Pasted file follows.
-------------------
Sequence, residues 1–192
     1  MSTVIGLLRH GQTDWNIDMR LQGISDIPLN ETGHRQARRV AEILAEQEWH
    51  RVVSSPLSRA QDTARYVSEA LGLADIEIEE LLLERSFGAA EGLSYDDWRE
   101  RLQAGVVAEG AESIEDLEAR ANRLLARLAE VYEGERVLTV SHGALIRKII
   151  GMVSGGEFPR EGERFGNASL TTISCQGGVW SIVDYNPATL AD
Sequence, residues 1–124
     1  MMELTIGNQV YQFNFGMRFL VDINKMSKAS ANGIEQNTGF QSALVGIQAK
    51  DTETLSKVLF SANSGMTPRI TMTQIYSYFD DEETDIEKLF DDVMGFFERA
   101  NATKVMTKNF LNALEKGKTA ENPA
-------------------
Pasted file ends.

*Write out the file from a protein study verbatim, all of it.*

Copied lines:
Sequence, residues 1–192
     1  MSTVIGLLRH GQTDWNIDMR LQGISDIPLN ETGHRQARRV AEILAEQEWH
    51  RVVSSPLSRA QDTARYVSEA LGLADIEIEE LLLERSFGAA EGLSYDDWRE
   101  RLQAGVVAEG AESIEDLEAR ANRLLARLAE VYEGERVLTV SHGALIRKII
   151  GMVSGGEFPR EGERFGNASL TTISCQGGVW SIVDYNPATL AD
Sequence, residues 1–124
     1  MMELTIGNQV YQFNFGMRFL VDINKMSKAS ANGIEQNTGF QSALVGIQAK
    51  DTETLSKVLF SANSGMTPRI TMTQIYSYFD DEETDIEKLF DDVMGFFERA
   101  NATKVMTKNF LNALEKGKTA ENPA